The report, entitled “Promoting safety and health in a green economy,” says that while promoting a greener economy “does not make jobs decent, healthy and safe by default” it “provides an opportunity to make all jobs healthier and safer, while benefiting the environment and society, provided occupational risks are identified and managed at the onset”.
The report adds that the concept of green jobs refers to jobs protecting biodiversity and occupations that play a central role in “greening” industries across the economy, from mining and agriculture to industry and services such as transport.
It notes that the greening of traditional sectors which will continue to provide the bulk of all employment and harbour most occupational safety and health risks can provide a major opportunity to make them safer and healthier, as well as energy efficient and environmentally sustainable, provided the right measures are taken.
This would make it possible to reinforce and expand efforts to tackle a range of major health hazards from chemicals and pesticides to phasing out of asbestos and high accident rates in sectors like mining, agriculture, forestry and construction, the ILO says.
The report looks at different “green industries” from an occupational safety and health (OSH) perspective, and shows that while green jobs improve the environment, revitalize the economy and create new employment opportunities, they may also present a number of known and unknown risks for workers. For example, the manufacture and installation of wind mills requires new specific skills that may entail new occupational hazards, while risks related to their installation and maintenance are similar to those prevalent in construction. Consistent with its mandate, the ILO has always called for new jobs generated in the green sector to be decent jobs; hence, the need to address emerging and traditional risks in the process of greening the economy.
The report also says that the transition towards energy-efficient construction and sustainable refurbishment requires skills development and training far beyond those for traditional buildings. Therefore, capacity building for employers, designers, contractors, managers and workers is fundamental to equip them with the new skills and risk prevention methods required to deal with these challenges.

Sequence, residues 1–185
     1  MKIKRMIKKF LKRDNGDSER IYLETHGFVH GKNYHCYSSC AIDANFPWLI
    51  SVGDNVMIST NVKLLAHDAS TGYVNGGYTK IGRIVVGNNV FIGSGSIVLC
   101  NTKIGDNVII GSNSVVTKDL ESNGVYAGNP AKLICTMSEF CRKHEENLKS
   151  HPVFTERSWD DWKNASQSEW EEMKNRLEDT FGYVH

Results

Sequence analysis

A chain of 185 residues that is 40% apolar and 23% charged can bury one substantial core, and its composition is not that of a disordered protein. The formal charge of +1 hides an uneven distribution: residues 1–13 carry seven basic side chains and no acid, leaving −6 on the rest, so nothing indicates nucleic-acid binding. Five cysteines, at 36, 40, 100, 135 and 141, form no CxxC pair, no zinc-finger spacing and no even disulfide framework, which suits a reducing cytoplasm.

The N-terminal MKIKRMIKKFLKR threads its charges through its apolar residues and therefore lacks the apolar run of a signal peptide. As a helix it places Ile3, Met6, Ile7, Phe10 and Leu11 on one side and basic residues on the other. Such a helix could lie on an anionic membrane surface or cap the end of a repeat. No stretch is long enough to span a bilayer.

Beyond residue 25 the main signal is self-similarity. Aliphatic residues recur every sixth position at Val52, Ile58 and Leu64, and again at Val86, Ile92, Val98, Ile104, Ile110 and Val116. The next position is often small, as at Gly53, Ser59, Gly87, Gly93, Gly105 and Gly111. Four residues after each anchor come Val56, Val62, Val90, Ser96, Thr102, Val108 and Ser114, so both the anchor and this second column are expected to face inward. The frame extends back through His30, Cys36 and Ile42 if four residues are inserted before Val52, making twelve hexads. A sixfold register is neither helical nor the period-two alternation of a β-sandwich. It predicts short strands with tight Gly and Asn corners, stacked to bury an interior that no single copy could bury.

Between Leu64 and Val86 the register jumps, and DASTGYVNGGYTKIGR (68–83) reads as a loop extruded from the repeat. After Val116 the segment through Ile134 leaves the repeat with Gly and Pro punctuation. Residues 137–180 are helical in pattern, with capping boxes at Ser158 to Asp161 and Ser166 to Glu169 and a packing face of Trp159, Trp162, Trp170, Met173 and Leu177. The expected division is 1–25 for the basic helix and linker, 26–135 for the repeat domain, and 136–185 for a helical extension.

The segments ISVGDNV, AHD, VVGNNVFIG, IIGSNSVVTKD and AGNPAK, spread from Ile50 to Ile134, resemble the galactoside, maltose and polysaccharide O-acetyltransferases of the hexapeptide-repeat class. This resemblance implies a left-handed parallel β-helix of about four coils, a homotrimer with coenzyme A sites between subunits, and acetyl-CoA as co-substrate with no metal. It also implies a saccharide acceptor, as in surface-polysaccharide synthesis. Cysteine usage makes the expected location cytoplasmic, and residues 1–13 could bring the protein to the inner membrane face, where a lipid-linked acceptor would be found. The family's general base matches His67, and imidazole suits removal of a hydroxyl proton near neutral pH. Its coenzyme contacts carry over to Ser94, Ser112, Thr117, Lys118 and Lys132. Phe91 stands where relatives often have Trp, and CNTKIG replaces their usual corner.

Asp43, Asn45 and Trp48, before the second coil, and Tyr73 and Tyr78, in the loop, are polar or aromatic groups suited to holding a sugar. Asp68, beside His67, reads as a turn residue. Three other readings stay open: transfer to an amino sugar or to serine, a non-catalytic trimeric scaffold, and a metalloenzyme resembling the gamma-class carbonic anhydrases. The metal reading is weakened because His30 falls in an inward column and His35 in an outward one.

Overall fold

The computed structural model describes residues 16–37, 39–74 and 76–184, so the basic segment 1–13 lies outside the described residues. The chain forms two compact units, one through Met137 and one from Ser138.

The report also looks at other sectors like waste management, where many workers belong to the informal economy. This often means it endangers the health of workers and communities and pollutes rather than protects the environment: “For waste picking to become a green and decent job, waste pickers need to be able to organize and work in an improved environment, and children should not be allowed on disposal sites”. To address this situation, a number of basic and low-cost measures could be put in place, such as better machinery and equipment, improved disposals layout, protective equipment, washing facilities and sanitation, basic safety and health measures and training, especially in handling hazardous waste. All these measures would contribute to improved working conditions and to the quality of life of waste pickers and their families.
According to the ILO report, “a true green job must integrate safety and health into design, procurement, operations, maintenance sourcing, use and recycling”. OSH mechanisms need to integrate the greening process into their policies and programmes of action. Policy changes are necessary to support approaches such as “prevention through design” in creating green jobs. Social dialogue among representatives of government, workers and employers is central to the prevention and management of occupational hazards and risks.
“Moving towards a green economy implies setting higher standards for environmental protection while, at the same time, incorporating workers' safety and health as an integral part of the strategy. The greening of the economy serves as an ideal platform for comprehensive methods to protect the workers, the general environment and the surrounding communities”, said Seiji Machida, head of the ILO’s Programme on Safety and Health at Work and the Environment (Safework).
“Only then will we be contributing to an environmentally sustainable and socially inclusive outcome, only then, will we achieve safe, healthy and decent work in a green economy,” he added.
For more information, please contact the ILO Department of Communication and Public Information on +4122/799-7912, email@example.com